Toshikazu Yamanishi wins the Japanese 20km Race Walking Championships (© JAAF)
The sun shone for Toshikazu Yamanishi at the 104th Japanese Championships in Kobe. The world champion lived up to his gold coloured No 1 race number to take the 20km race by the scruff of the neck just after 15km, and ring it dry long before the end.
Yamanishi’s second successive win was even more comfortable than last year’s emphatic victory.
His winning time of 1:17:20 was better by 16 seconds than 2020, and six seconds inside the championship record. It’s also the sixth-fastest performance in history.
After he broke the tape, he was giving an interview before second-place finisher Eiki Takahashi came into view 44 seconds later.
All the same, the latter has finished in the top three since 2014, and won five times before Yamanishi killed the run last year.
A tired Koki Ikeda finished third, and as he sprawled on the tarmac an official still put a lanyard with ‘number three’ around his neck.
In contrast, the winner looked like he had been out for the Sunday papers before taking a bow and strolling off into the sunshine.
Yamanishi celebrated his 25th birthday last Monday as well as 100 straight weeks at the top of world rankings for the 20km race walk.
If proof were needed difficult training conditions over the past year has had little effect on Japanese race walking, this was it.
All three underlined their Olympic selection at the distance, and right from the gun the main places were quickly sorted.
A group of six immediately distanced themselves from a huge field in perfect racing conditions. Indeed, many, including Yamanishi, wore sunglasses in the pleasant 13 degrees.
The only breeze after a mere 6km was the lead group already lapping back markers – and even the lapped weren’t travelling slowly.
By that time, Tomohiro Noda and Hiroto Jusho were feeling the effects of a rash start, and quickly became uncoupled from the express at the front.
At 5km, reached in 19:22, things were heating up on all fronts. A surprise casualty 3km later was Yuta Koga, who has a best of 1:18:42, set last year in Nomi. Unable to keep up the relentless pace, he came off the back, and it was down to three.
At halfway, 38:38, the leading trio was forced to go much wider than desired in order to lap large spread groups who themselves were well under 1:30:00 pace.
How many extra metres walked by the trio is up for debate, but hugging the inside of the one-kilometre course on Rokko Island at the southern end of Kobe was out of the question.
There was even the slightly bizarre sight of lapped race walker Kazuhiro Tateiwa, best 1:23:42, latching on to the leaders for an entire circuit at 14km. Tateiwa was clearly living outside his comfort zone, but even 1000m with this illustrious group was a brave move. He went as quickly as he came after his lap in the limelight, and then slowly after 15km (58:00) Yamanishi put the hammer down.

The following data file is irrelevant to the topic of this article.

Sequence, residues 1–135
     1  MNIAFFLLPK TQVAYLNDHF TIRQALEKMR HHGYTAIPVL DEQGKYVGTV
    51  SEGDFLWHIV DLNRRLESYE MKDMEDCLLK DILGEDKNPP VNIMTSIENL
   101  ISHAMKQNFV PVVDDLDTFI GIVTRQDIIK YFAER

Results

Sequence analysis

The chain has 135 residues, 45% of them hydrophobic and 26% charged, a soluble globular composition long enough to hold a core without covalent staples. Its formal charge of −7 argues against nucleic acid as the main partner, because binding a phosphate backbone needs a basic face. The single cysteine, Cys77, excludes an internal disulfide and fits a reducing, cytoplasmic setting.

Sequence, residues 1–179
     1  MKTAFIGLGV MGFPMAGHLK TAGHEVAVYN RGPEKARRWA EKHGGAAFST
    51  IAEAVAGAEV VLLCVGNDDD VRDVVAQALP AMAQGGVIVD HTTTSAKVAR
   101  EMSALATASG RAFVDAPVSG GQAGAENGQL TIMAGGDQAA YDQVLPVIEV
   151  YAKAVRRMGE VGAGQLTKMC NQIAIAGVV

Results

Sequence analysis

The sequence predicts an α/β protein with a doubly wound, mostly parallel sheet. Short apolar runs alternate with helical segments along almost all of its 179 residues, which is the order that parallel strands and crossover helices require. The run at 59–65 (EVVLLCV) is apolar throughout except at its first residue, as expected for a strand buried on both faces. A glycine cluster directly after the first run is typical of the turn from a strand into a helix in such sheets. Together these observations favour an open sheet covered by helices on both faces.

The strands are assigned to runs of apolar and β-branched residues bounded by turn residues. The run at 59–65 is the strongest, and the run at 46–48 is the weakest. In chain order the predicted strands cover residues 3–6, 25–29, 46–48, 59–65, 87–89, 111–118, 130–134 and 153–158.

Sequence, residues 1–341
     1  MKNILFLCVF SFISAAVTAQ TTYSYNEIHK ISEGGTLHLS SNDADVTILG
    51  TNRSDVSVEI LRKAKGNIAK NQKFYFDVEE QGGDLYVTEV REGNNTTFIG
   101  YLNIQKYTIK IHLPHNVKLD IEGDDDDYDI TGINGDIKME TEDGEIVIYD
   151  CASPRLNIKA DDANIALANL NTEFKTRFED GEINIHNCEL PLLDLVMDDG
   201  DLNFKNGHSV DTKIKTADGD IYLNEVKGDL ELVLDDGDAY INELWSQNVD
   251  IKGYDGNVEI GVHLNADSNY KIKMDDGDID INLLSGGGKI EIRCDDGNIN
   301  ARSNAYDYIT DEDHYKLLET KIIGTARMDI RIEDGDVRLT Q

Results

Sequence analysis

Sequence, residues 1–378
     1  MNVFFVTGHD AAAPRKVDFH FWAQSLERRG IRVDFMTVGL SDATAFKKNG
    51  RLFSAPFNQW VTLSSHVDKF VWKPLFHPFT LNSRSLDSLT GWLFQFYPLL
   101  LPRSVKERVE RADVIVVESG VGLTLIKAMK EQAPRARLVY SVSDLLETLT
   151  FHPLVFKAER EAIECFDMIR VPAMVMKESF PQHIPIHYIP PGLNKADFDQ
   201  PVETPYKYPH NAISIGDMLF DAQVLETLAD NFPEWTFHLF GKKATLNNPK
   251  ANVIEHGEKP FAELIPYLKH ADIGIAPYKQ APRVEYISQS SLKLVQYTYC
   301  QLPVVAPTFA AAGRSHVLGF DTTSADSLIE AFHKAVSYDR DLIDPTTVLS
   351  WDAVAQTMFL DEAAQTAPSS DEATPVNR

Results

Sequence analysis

As he checked his watch with four laps to go, he glanced back to see a gap of about 15m to Ikeda and Takahashi, and by 17km, 15 metres had become 15 seconds, with the gap growing by the stride.
With two laps left, the world champion had all but doubled a lead over his immediate chasers. There was a drop and shake of the arms on the 18th lap, but that was the only hint Yamanishi was feeling the pace.
As he sprinted the home straight, it was clear Yusuke Suzuki’s 1:16:36 world record was safe, but the intriguing prospect of closer competition and fewer human obstacles suggests that six-year-old record is far from safe.
In fact, the last few metres demanded a duck to the right of the penalty lane and into the finish rather than a straight drive to the line.
Behind the places, Satoshi Maruo came home a delighted fourth, followed by Isamu Fujisawa in fifth place.
It wasn’t the biggest surprise when Kumiko Okada had to accept second best to Nanako Fujii in the women’s 20km.
The latter had a breakthrough win in Nomi last year, and was seventh at the World Championships in Doha.
Both have been selected for the Olympics, and only Masumi Fuchise could go with the leading pair once they shook off a small group at 3km.
Even Fuchise drifted shortly after at 5km (22:46) and by half way was more than a minute behind Okada and Fujii.
The former holds the national record set in La Coruna in 2019, 1:27:41, and was given the gold-coloured number worn by last year’s winner. But Fujii, a distant minute plus in that La Coruna race, had other ideas about the result of this one.
Both were locked at 15km, reached in 1:08:30, with Fuchise now an entire straight in arrears before the eventual winner wound up the pace just after the drinks station.
That sip of refreshment was all she needed to open up an immediate gap and stretch it all the way to the end.
The 21-year-old even had the presence of mind to adjust her hair for the cameras and then greeted the distant Okada more than a minute behind, while both had left the course before lone third place Fuchise crossed more than five minutes later.
Paul Warburton for World Athletics
1 Toshikazu Yamanishi 1:17:20
2 Eiki Takahashi 1:18:04
3 Koki Ikeda 1:18:45
4 Satoshi Maruo 1:20:02
5 Isamu Fujisawa 1:20:29
6 Subaru Ishida 1:20:39
7 Tomohiro Noda 1:20:57
8 Hiroto Jusho 1:21:53
1 Nanako Fujii 1:30:45
2 Kumiko Okada 1:31:51
3 Masumi Fuchise 1:36:49
4 Nami Kumagai 1:38:11
5 Haruko Nakagawa 1:38:50
6 Mao Tatsumi 1:39:12
7 Chisa Todokoro 1:39:54
8 Maika Yagi 1:40:23